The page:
January 14, 2021

Afterschool To-Go | Resource Nook: Civic Discourse

By Cassandra Wambach |  

The past year has been hard on all of us, but especially our young people. On top of living through a pandemic, kids are being faced with navigating confusing and often conflicting information on the state of our country and our world. Facilitating conversations about current events can be overwhelming: how do we manage the many different perspectives young people bring to the table? How can we stay truthful, without instilling fear or presenting too much personal bias? Many of our young people are in desperate need of a space to discuss these issues, and as the National Afterschool Association says: your influence matters. Here, you can find resources and tips on how to help young people discuss, learn about, and process tumultuous recent events. 

Civic Discourse and Afterschool Resources 

The resources provided were hand-picked based on the quality of content and variety of age group appeal. Some of them are tailored for a young audience, while others are well suited for teens. These are just a few of the many resources we provide in our digital library.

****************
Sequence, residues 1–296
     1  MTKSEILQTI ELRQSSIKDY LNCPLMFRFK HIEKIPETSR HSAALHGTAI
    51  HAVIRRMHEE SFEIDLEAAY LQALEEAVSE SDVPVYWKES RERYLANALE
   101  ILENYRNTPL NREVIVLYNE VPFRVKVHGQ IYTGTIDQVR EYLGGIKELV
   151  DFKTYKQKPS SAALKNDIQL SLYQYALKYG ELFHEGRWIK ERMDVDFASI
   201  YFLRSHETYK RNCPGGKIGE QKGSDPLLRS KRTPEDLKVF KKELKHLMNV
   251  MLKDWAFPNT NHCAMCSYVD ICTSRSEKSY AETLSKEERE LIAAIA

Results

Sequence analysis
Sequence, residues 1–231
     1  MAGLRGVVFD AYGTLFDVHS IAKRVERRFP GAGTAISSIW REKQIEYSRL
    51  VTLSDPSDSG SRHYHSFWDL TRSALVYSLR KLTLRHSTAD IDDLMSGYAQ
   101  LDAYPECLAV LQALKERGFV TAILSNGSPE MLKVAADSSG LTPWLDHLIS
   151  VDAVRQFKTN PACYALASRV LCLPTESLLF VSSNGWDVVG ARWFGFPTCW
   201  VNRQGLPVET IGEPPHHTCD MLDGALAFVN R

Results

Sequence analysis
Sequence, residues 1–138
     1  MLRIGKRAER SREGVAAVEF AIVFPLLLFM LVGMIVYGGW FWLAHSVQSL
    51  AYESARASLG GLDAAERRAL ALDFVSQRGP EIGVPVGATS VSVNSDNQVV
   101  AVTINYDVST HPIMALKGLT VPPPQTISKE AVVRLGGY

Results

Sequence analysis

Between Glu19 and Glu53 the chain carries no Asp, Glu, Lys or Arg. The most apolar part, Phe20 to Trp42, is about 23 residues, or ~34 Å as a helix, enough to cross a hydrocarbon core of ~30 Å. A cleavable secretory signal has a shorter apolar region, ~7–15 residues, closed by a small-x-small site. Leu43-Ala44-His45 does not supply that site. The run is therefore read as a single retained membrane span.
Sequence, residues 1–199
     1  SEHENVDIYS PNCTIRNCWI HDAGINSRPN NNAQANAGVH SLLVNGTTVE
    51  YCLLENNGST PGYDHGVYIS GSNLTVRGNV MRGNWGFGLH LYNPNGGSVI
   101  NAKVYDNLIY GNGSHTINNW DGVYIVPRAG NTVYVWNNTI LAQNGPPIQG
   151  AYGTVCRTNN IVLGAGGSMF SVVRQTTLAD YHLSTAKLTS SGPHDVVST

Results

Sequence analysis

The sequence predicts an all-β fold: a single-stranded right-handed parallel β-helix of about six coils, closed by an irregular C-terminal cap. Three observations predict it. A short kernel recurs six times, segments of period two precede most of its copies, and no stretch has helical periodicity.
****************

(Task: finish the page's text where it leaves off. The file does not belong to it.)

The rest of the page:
Resource List

todd-trapani-MfCi2Z8F684-unsplash_NEW.jpgConversation Tips

  • Encourage students to use “yes, and” statements. This can promote respectful and productive dialogue
  • For younger children, try using simple language. For example: it’s important that we follow rules and use our words instead of violence. How can we respect others even when we disagree? What do all Americans have in common?
  • For older students, encourage them to think deeply. For example: The events at the capitol transitioned from peaceful protests into illegal activity. How could this have gone differently? We have seen many people protest injustice this year, and not everyone agrees on what is fair. How can we have civil conversations with people we disagree with? 

Final Thoughts

As educators and afterschool staff, you have a unique opportunity to provide space for your students to discuss current issues. For many of these young people, systemic inequality and turbulence is not new, so creating a safe space for them is imperative. For other students, these conversations may be new and scary. Ultimately, the young people you work with are looking to you for support, and as always, we thank you for working hard to provide it.